At some level, everyone uses technology to make connections. It’s become such an ingrained part of our culture that no matter how much you love or hate it, businesses can’t really run without it. As long as you’re thoughtful about how you use it, technology can revolutionize the way your business interacts with customers.
Marketing and Customer Service: Use technology to add value to your customers’ lives. Start a blog and share content from influencers within your company. Start pulling in email marketing campaigns and newsletters that share real, valuable insights and news. Connect with individuals on social media by responding to their interactions and even reaching out to them. It may be virtual communication, but it can still be personal, meaningful, and real.
Project Management: Strengthen communications within your team—even remote team members—with tools like Basecamp, Asana, Trello, and Jira. These tools bring your team together, even if they’re physically far apart. When they’re used well, they’re powerful.
Team Relations: If you work remotely, you may already know the value of technology. But did you know you can use it to help your team members bond with each other? We love Facebook Business, which takes the familiar platform and turns it into an instant online office, where you can chat with co-workers about work and personal happenings.
The key to enhancing human interaction with technology is remembering that technology should never replace the human element. No matter how smart your bots and AI technology gets, it will never replace the sincerity and power of a business owner or employee interacting with a customer.
“Active listening” and “good communication” are buzzwords we’ve all used during an interview or around the office, regardless of our industry. From law firms to contractors to hair stylists, professionals recognize the role of effective communication—which might explain why most adults fancy themselves expert listeners.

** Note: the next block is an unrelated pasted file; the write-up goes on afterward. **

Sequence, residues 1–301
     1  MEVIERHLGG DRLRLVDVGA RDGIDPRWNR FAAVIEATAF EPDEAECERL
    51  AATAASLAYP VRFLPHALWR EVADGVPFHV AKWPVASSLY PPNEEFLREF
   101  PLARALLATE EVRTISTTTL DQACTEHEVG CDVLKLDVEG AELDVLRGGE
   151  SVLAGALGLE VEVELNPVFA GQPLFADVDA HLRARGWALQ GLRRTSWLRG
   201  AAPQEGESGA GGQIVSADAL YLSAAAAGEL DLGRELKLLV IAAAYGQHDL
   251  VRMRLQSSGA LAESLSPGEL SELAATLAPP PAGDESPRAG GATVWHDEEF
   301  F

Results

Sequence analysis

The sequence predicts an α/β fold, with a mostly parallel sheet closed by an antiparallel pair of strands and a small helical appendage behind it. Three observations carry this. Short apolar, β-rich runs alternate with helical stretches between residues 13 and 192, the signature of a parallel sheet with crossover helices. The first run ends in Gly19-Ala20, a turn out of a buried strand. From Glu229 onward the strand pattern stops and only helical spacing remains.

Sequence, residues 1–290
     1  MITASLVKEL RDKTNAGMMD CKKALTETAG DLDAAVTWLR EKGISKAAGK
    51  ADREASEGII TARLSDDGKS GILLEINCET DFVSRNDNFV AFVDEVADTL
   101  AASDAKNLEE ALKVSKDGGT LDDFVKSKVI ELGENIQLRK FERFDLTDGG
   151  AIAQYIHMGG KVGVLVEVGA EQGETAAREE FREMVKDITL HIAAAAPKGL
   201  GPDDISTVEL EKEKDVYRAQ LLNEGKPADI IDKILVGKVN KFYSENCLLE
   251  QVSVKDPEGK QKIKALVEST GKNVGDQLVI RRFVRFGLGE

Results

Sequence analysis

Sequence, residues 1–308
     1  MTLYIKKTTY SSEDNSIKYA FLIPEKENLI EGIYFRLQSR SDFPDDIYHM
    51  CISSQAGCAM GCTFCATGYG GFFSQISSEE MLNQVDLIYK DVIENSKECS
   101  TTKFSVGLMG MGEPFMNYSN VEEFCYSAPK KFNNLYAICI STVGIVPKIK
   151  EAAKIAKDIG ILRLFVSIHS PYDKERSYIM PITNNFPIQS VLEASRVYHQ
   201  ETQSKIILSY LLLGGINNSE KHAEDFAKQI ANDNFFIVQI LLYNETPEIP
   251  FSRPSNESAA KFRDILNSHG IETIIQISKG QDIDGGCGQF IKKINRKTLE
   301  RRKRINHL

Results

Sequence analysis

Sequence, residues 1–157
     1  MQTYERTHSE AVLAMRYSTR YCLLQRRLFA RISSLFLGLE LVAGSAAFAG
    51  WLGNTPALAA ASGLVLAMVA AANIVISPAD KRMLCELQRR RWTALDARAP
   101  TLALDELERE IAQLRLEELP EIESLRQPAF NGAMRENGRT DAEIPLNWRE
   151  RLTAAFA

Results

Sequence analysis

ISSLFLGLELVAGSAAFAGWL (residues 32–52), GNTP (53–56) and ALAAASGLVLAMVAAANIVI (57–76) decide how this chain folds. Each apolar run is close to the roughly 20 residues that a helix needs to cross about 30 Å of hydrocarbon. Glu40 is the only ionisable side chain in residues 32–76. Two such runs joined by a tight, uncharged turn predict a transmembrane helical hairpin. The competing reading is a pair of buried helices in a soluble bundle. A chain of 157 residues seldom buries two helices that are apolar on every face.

While active listening is typically associated with head nods, the occasional “mhmm”, and an accurate regurgitation of a speaker’s main points, the Harvard Business Review contends that these actions just barely scratch the surface. Skilled listeners will first create an environment in which a person feels comfortable speaking. For attorneys, this means eliminating distractions. Desk and cell phones, a smartwatch, or any other electronics that threaten to divert attention away from a client should be tucked away. From here, your own body language, the questions, and insights you offer, and your ability to pick up on nonverbal cues (and acknowledge them) not only deepens your understanding of a client’s unique circumstance, but also establishes a foundation of trust.
Missed connections translate to lost revenue. With Ruby, you have a partner in gaining and retaining customers. Plus, we’re so confident you’ll love our service, we offer a 21 day money-back guarantee*.
*Ruby is delighted to offer a money-back guarantee to first time users of both our virtual receptionist service and our chat service. To cancel your service and obtain a full refund for the canceled service (less any multi-service discount), please notify us of the service you wish to cancel either within 21 days of your purchase of that service or before your usage exceeds 500 receptionist minutes/50 billable chats, as applicable, whichever occurs sooner. Some restrictions may apply.